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How To Shoot Light Trails in Photography

Long exposure photography is just as eye-catching as capturing frozen moments in time. Long exposure photography shows a beautiful sense of movement, painting with the beauty of motion. Light trails are one such result of this endeavor, showcasing movement by creating a trail of light left in the path of a moving vehicle! 

Here is our guide on how to do light trails in photographs!

What Are Light Trails? 

Light trails are when you do a long exposure photography of cars or other moving vehicles at night- but instead of seeing the car, you see the trail of light that they leave in their wake!

Long exposures are when the shutter is open for a long period of time. This is used to blur movement or obscure elements and create a more artistic-looking image.

Settings for Light Trails 

The settings for light trails are generally the same as those for most long exposures. In the case of long exposures, you want a slow shutter! The longer that the shutter is open, the smoother and more motion blurred the image becomes. 

Because the shutter is like a door, it has an unintentional purpose of controlling how much light hits the sensor. The shutter is located right between the lens and the aperture, which is the hole that leads to the sensor. The slower the shutter moves, the more light hits the sensor, and the brighter your image will be. 

Long exposures for speed light trails are around 1/10” – 1/15”.

With slow shutter speeds, your exposure equation will need to be filled out a specific way to compensate for the amount of light coming in to the sensor.

Exposure is a formula: ISO + shutter speed + aperture = exposure. 

Like a mathematical formula, if one variable is changed, the rest are affected by the change. 

In the case of light trails which happen at night, your slow shutter speed will allow the sensor to have a lot of light reach it. 

As a result, you’ll be able to keep your ISO level much lower than before and prevent a lot of noise. Most keep it at ISO 100.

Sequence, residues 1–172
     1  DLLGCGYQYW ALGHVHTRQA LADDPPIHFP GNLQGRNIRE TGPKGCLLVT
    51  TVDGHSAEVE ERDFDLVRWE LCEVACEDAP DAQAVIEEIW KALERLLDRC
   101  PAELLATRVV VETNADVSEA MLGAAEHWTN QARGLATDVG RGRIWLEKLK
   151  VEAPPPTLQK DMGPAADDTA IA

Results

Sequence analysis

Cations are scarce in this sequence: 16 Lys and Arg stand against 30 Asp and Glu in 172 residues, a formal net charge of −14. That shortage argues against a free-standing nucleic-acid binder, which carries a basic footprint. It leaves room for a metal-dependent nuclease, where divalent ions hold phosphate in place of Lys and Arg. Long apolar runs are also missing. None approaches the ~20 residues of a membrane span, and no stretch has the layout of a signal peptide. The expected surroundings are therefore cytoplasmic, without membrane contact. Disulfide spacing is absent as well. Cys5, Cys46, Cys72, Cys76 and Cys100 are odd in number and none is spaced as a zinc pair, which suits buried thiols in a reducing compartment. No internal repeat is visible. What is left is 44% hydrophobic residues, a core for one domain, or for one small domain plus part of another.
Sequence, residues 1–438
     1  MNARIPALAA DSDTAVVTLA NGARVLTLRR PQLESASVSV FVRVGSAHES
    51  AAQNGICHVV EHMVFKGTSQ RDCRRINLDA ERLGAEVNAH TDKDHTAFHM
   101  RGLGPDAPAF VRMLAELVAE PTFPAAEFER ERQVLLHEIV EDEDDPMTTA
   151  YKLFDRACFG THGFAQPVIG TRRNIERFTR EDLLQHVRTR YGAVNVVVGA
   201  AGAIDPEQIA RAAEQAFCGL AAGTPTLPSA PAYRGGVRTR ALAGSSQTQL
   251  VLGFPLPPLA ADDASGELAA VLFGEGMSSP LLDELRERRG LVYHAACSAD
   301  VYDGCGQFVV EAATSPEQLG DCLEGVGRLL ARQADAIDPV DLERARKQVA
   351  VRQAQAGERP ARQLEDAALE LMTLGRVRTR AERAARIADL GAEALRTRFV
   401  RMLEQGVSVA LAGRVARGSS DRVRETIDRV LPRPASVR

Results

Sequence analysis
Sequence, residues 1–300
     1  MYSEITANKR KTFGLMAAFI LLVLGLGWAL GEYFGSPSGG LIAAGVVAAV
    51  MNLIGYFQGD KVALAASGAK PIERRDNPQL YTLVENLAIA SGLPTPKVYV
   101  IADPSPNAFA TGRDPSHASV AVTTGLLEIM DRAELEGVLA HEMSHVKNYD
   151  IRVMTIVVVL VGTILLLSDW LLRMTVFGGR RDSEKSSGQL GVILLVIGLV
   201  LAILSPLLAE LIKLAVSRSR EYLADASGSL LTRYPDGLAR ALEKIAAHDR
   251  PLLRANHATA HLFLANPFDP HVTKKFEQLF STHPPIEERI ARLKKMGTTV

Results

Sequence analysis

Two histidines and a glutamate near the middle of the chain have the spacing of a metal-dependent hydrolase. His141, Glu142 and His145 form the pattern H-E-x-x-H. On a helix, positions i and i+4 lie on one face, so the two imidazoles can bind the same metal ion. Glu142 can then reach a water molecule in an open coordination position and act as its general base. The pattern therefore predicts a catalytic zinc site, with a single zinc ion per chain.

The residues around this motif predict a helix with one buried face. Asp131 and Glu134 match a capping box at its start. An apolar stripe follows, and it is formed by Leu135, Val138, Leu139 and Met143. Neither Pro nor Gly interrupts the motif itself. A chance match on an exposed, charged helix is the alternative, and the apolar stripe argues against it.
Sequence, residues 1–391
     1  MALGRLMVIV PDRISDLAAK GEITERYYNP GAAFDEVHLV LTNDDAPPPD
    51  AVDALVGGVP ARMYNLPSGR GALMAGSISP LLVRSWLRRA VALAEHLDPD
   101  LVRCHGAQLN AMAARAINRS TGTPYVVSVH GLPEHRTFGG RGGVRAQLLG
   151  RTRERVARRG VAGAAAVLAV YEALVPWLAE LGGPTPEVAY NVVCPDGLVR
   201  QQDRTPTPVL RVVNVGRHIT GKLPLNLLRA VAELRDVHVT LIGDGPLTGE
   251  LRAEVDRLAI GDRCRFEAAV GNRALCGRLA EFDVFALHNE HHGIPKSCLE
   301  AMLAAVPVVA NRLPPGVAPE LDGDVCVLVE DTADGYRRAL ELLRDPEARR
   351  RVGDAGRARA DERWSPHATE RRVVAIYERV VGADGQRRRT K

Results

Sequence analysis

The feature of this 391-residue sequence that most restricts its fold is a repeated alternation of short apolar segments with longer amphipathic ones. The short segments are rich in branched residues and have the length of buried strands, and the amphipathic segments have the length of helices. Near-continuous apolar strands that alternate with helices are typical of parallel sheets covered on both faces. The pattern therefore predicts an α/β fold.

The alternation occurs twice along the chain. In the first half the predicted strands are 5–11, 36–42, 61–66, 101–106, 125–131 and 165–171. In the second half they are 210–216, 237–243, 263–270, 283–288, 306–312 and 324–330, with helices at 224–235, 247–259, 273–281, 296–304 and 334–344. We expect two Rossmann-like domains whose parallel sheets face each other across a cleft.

As for the aperture, most light trail photographers set their aperture to their lens’s sweet spot (the aperture at which the lens is sharpest). Many images feature an aperture of F/4 – F/8. 

How To Do Light Trails Photography

Here are the steps to capturing great images of light trails. 

1. Find a Good Location

Although it’s absolutely possible to shoot light trails anywhere that there is a road, finding a great location will separate your photography from something experimental to something amazing. Look for spots that have winding roads or a lot of activity to add interest to the image. Equally, look for a location that allows you a very steady footing to place a tripod. 

2. Mount Your Camera Onto a Tripod

Because you’re going to be working with slower shutter speeds and other unstable camera settings, having a stable force to keep the camera steady is key. Invest in a good tripod that is sturdy and durable! 

Go ahead and mount your camera to the tripod. Make sure that your camera’s brought up to eye level by the height of the tripod’s legs, not the height of the center column. For maximum camera stability, keep the center column as low as you can.

3. Enable Image Stabilization

If you are set up on a bridge or very close to the road, then you can leave the image stabilization feature on as the vibrations of the road can cause camera shake. Image stabilization is a system in a lens that reduces motion blur in images caused by camera shake. 

Although you want motion blur in light trail photography, you only want it from the vehicles- not your camera shaking!

Each camera brand has its own version of an image stabilization system, and as such, their lenses are denoted differently. Canon adds “IS” to the end of the lens names to specify that this system exists in the lens, Nikon adds “VR”, Sony adds “OSS”, and so forth. 

Although each brand has its own patented stabilization technology, generally speaking, how this system works is that the components are set on a gimbal inside the lens that counteracts any movement- keeping all of the elements level. 

4. Set Up Your Camera Settings

Play with various setting combinations and see which exposure you like the best. Then get ready for the perfect moment!

5. Take the Shot with a Remote, Cable, or Shutter Release 

It’s best when there are several cars on the road, so wait until you see quite a few vehicles moving. When shooting, don’t just settle on one image- keep taking shots! You never know which one you will like. You can even stack (layer) them in photo editing programs such as Photoshop for an extra ‘wow’ factor. 

A shutter release or remote will help you prevent unnecessary movement from clicking the shutter button to take a picture. Just press on the remote or release when you’re ready to capture an image. 

Many new cameras such as Canon, Sony, and Nikon have corresponding cell phone applications that turn your smartphone into a remote and shutter release for your camera! This is a great solution that doesn’t cost any money. 

Conclusion

Light trails are a fun way to turn what would once appear to be a boring freeway into something beautiful. Take these tips with you to your next night time adventure! 

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